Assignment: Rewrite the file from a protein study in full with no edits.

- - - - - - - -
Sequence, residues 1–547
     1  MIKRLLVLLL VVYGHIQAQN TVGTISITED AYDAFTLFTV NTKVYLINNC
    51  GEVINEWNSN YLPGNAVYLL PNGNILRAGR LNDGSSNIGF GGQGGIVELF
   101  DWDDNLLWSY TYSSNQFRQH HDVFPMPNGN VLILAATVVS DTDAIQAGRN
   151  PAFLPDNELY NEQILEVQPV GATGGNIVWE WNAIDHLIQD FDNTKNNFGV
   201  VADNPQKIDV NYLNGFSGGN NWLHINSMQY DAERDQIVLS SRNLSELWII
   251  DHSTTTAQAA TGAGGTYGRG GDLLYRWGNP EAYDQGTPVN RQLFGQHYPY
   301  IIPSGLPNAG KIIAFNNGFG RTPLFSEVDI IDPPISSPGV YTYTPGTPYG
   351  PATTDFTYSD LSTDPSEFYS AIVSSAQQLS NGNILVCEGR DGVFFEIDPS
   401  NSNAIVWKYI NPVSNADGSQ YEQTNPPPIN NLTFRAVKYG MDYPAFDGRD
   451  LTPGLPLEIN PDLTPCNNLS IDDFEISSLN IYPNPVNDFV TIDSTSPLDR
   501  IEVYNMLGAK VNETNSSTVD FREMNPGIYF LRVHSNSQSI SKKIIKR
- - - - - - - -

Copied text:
Sequence, residues 1–547
     1  MIKRLLVLLL VVYGHIQAQN TVGTISITED AYDAFTLFTV NTKVYLINNC
    51  GEVINEWNSN YLPGNAVYLL PNGNILRAGR LNDGSSNIGF GGQGGIVELF
   101  DWDDNLLWSY TYSSNQFRQH HDVFPMPNGN VLILAATVVS DTDAIQAGRN
   151  PAFLPDNELY NEQILEVQPV GATGGNIVWE WNAIDHLIQD FDNTKNNFGV
   201  VADNPQKIDV NYLNGFSGGN NWLHINSMQY DAERDQIVLS SRNLSELWII
   251  DHSTTTAQAA TGAGGTYGRG GDLLYRWGNP EAYDQGTPVN RQLFGQHYPY
   301  IIPSGLPNAG KIIAFNNGFG RTPLFSEVDI IDPPISSPGV YTYTPGTPYG
   351  PATTDFTYSD LSTDPSEFYS AIVSSAQQLS NGNILVCEGR DGVFFEIDPS
   401  NSNAIVWKYI NPVSNADGSQ YEQTNPPPIN NLTFRAVKYG MDYPAFDGRD
   451  LTPGLPLEIN PDLTPCNNLS IDDFEISSLN IYPNPVNDFV TIDSTSPLDR
   501  IEVYNMLGAK VNETNSSTVD FREMNPGIYF LRVHSNSQSI SKKIIKR